I love language, but let me join the chorus of those who’ve said this isn’t a fun way to learn the Greek alphabet.

Yet another variant of the coronavirus is upon us, this one called Omicron in keeping with the World Health Organization’s naming system.

It was May of this year when the WHO announced they’d be using Greek letters to label key variants of concern and variants of interest. While these labels don’t replace scientific names (which are still used in research), the WHO wanted more generic terms to simplify public communications.

Because scientific names can be hard to pronounce and remember, people had started to refer to variants by the places where they were detected. That, stated the WHO, “is stigmatizing and discriminatory”. So we ended up with the Alpha, Beta, Gamma, Delta, all the way through the Lambda and Mu variants.

The WHO came up with the naming system to avoid causing confusion, or offending “any cultural, social, national, regional, professional or ethnic groups.” Both might have happened if the WHO hadn’t just made an exception to their own guidelines.

For the first time in labelling variants with Greek letters, the WHO skipped some. By the sequence of the alphabet, the new variant was due to be called Nu. However, WHO bypassed that, as well as next-in-line Xi.

In a statement to the AP, the WHO said: “Nu is too easily confounded with ‘new’, and Xi was not used because it is a common last name.” That’s how Omicron became that latest alarming term.

We’re now at number 15 of 24 letters. As an aside, Greek has two versions of the letter “O”. Omicron, the 15th letter, means “little O” and Omega, the 24th letter, means “great O”. Think micron and mega. While we’re absorbing the latest on the Omicron variant, it’s hard not to think ahead about what Pi, Rho, Sigma, Tau, etc. might bring. Mega bad news.

Incidentally, there was quite a PR scramble for a certain global company in the electrical energy industry called OMICRON. That name goes back 40 years for them. Not a great time to have it. So OMICRON quickly acknowledged that on their website, with a note saying the variant name is “an unfortunate coincidence” and “there is nothing we can do about this hopefully short-lived connotation.” They concluded by telling everyone to stay healthy and safe.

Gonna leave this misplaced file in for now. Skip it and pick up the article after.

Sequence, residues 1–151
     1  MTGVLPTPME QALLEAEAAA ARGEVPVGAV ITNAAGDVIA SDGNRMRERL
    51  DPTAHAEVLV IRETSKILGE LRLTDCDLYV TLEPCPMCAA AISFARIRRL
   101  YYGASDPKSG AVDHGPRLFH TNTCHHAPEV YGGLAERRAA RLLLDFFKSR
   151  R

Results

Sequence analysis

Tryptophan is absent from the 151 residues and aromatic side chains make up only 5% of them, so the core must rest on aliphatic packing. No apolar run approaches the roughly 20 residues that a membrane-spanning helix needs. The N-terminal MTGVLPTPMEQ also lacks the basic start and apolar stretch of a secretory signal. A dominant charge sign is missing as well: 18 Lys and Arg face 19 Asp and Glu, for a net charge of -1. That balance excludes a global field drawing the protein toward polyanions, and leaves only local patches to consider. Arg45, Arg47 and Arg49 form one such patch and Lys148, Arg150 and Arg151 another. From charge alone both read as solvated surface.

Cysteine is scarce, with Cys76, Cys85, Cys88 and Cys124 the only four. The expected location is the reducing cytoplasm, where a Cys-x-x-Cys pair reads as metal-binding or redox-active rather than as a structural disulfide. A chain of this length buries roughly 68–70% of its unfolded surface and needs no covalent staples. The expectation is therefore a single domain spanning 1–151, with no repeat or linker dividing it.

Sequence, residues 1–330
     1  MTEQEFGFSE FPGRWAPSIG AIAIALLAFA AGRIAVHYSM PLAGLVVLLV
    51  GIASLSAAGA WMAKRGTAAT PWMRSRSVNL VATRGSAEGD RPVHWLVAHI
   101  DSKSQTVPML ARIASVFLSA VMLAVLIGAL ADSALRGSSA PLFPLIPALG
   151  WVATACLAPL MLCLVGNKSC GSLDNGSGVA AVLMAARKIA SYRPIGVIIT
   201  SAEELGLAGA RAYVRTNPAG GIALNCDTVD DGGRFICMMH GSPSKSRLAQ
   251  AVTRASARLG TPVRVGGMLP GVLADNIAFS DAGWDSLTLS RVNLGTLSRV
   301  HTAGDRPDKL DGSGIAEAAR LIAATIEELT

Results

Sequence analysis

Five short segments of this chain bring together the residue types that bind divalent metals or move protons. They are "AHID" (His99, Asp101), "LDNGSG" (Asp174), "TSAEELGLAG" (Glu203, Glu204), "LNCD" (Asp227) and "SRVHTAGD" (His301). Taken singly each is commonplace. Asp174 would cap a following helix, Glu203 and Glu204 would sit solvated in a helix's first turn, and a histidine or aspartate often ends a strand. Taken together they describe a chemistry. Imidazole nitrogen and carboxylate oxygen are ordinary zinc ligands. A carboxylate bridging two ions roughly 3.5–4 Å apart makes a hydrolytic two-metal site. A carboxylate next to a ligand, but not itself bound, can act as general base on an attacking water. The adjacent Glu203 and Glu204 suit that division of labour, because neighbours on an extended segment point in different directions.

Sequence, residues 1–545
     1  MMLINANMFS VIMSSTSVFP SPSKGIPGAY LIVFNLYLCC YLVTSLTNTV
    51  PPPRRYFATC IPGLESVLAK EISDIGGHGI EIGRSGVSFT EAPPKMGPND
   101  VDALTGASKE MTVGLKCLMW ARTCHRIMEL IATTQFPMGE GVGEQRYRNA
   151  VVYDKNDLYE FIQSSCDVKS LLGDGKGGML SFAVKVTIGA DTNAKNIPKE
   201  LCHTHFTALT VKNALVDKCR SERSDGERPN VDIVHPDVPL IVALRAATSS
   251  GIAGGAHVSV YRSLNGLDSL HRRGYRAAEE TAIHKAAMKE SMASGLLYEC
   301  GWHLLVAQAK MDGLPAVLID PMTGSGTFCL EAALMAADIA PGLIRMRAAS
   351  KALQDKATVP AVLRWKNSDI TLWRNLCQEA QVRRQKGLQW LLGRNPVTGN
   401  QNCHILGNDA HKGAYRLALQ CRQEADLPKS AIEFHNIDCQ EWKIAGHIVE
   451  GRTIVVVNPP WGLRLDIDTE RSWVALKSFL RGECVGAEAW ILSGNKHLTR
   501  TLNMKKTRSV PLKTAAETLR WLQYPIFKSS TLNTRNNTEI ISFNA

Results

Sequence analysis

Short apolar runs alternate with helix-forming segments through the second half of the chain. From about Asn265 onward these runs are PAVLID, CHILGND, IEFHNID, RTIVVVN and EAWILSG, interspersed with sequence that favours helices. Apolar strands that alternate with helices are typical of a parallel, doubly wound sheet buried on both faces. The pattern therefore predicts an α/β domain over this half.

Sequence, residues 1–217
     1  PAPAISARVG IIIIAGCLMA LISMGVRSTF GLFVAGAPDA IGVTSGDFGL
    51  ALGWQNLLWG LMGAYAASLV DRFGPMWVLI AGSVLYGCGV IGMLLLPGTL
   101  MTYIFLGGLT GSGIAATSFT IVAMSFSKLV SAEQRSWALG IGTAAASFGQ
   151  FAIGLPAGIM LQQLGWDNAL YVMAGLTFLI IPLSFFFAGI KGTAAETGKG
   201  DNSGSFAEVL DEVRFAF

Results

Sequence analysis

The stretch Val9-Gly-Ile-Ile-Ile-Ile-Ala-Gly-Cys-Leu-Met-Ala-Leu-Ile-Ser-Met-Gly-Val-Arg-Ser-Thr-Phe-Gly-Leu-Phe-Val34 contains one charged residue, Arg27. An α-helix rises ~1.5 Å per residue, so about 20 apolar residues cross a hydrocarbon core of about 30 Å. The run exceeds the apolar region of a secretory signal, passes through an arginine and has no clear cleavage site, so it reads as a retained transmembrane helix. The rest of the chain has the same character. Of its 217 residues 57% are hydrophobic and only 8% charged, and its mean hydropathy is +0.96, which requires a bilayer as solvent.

COVID-related lingo has dominated the discourse for 21 months now, from social distancing to super spreader, lockdown to quarantine, and flattening the curve to PPE. New terms have entered the lexicon, like covidiot or Zoom fatigue

Now, as 2021 comes to a close, COVID is responsible three times over for the Word of the Year. These year-end honours from various dictionaries are like the Oscars for word nerds (count me in).

Merriam-Webster picked “vaccine” (after selecting “pandemic” last year). The choice was based on lookup data, as well as year-over-year increases and spikes in searches. On the online dictionary site, searches for “vaccine” were up 601% over 2020, and 1,048% compared to 2019.

As a sign of the times, “vaccine” became Word of the Year not just because of its fight against COVID-19, but also because it has created so many political fights.

“This is a word that has two parallel but intersecting stories: one is a medical story, and one is a political or cultural story,” said Peter Sokolowski, Merriam-Webster’s editor-at-large.

Meanwhile, the Oxford English Dictionary picked “vax” as their Word of the Year. As a shorthand, “vax” was relatively rare in their English language corpus data, says Oxford. Now, the usage has skyrocketed, and has spawned derivatives like “vax sites”, “getting vaxxed”, “anti-vax”, “fully vaxxed”, “double vaxxed”, and more.

Here’s hoping that the entire planet stays vaxxed and vigilant enough so that we don’t have to run through the entire Greek alphabet. Likely, we will. So here’s really hoping we have enough of yet another 2021 Word of the Year, this one from the Cambridge Dictionary: “perseverance”.

Stuart Foxman is a Toronto-based freelance writer, who helps clients’ products, services, ideas and organizations to come alive. Follow me on Twitter @StuartFoxmanconnect with me here on LinkedIn, or check me out at foxmancommunications.com. I would love to hear from you. More original posts coming every week (or as close as I can get) about communications, information, motivation, writing, branding, creativity, media, marketing, persuasion, messages, learning, etc.

December 1, 2021

Share This